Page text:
How Prince Charles increased his profits – but paid less tax

Law Editor,Robert Verkaik
Sunday 23 October 2011 08:14

The Prince of Wales was accused of "green washing" his finances after publishing accounts which showed he paid less tax last year while earning £1m more.

Prince Charles achieved the enviable position by off-setting his payments to the Inland Revenue with a series of green purchases, including a converter for his Aston Martin to allow it to run on bioethanol and installing woodchip boilers in his home.

The Prince's investment in green electricity supplies and a further reduction in travel-related emissions allowed him to claim that his household had generated 18 per cent less CO2 than the year before.

Part of the reduction was achieved by converting his range of Jaguars, Audi and Range Rover to run on biodiesel made from used cooking oil. Prince Charles's much-cherished Aston Martin has been converted to run on surplus wine from English vineyards.

His advisers claimed this represented a huge success in his battle against climate change and followed on from his declaration last year that his household was carbon neutral.

But the report, published yesterday, revealed that that Prince Charles was able to use this "green expenditure" to ensure that he paid less income tax, while during the period his revenues increased by 7 per cent to £16.273m, and his profits grew by more than £360,000 to £8.276m.

Clarence House said the accounts also revealed the cost of the Prince's official travel by air and rail fell 22 per cent, from £1.4m to £1.1m. Journeys by aircraft and trains are paid for by the taxpayer through grants-in-aid.

But such cuts were slightly undermined when it emerged that Prince William had made five controversial helicopter flights while training with the RAF, at a cost of more than £50,000. The trips, which included flights to a stag party and another to the family home of Prince William's girlfriend, Kate Middleton, have been criticised as an alleged abuse of military training.

Critics of the financial arrangements of the Prince and the Duchy of Cornwall, his private estate and business, said Clarence House had used spin to disguise the tax position.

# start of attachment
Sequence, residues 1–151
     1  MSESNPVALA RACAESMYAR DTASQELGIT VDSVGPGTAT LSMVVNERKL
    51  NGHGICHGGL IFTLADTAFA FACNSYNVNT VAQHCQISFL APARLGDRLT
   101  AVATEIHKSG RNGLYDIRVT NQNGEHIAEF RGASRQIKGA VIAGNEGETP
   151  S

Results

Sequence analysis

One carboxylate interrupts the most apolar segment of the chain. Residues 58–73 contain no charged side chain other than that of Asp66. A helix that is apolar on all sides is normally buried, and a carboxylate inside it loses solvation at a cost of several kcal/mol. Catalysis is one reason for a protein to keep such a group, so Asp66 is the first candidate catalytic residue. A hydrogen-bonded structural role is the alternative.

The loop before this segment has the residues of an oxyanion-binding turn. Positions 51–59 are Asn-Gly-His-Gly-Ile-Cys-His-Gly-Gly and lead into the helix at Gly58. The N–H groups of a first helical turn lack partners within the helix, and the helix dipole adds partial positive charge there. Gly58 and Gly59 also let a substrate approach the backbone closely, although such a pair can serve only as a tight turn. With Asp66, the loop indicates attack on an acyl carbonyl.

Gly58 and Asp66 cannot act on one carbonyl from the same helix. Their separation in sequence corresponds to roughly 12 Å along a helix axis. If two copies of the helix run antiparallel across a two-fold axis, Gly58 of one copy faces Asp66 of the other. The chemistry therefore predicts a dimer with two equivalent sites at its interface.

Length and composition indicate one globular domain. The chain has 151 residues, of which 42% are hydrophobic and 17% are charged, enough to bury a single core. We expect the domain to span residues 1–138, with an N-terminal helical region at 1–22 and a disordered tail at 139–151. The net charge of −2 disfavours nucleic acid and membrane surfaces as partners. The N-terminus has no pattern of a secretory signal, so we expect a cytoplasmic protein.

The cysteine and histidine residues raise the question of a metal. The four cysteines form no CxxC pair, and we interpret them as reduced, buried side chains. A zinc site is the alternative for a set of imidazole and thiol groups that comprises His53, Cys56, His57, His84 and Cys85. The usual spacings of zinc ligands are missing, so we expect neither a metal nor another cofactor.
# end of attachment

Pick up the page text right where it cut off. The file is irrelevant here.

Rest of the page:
Graham Smith of Republic, which campaigns for an elected head of state, said: "The Clarence House PR team always attempts to divert attention from the Duchy's tax arrangements by pointing to the reduction in Charles's carbon footprint. This is all an attempt to distract us from the real issue – that these year-on-year increases in Charles' income are greatly helped by the fact hat the Duchy is not subject to the same tax rules as the rest of us."

Clarence House insisted that all the Prince had done was to behave like any other ordinary householder who was trying to balance the books. "The Prince of Wales is not getting any special favours, he is paying income tax like everybody else," it said.

George Bull, the head of tax at the accountants Baker Tilly, said the Prince of Wales was taking advantage of green tax reliefs, known as enhanced capital allowances, that would have had to be agreed with the Inland Revenue.

He said: "The important thing to remember is that the agreement to pay tax is a voluntary one between the Prince and the tax authorities. We simply don't know what precise arrangements have been agreed. His use of green tax relief, if that is what he has done, is not something only available to the Prince. It is open to all businesses and individuals."

Sir Michael Peat, the Prince of Wales's principal private secretary, said of the Prince's accounts: "I hope it shows a good picture ... The Prince of Wales has a special knack of putting his finger on issues of underlying and long-term importance and for seeing beyond fashion and political correctness, and there are some good examples in the annual review."

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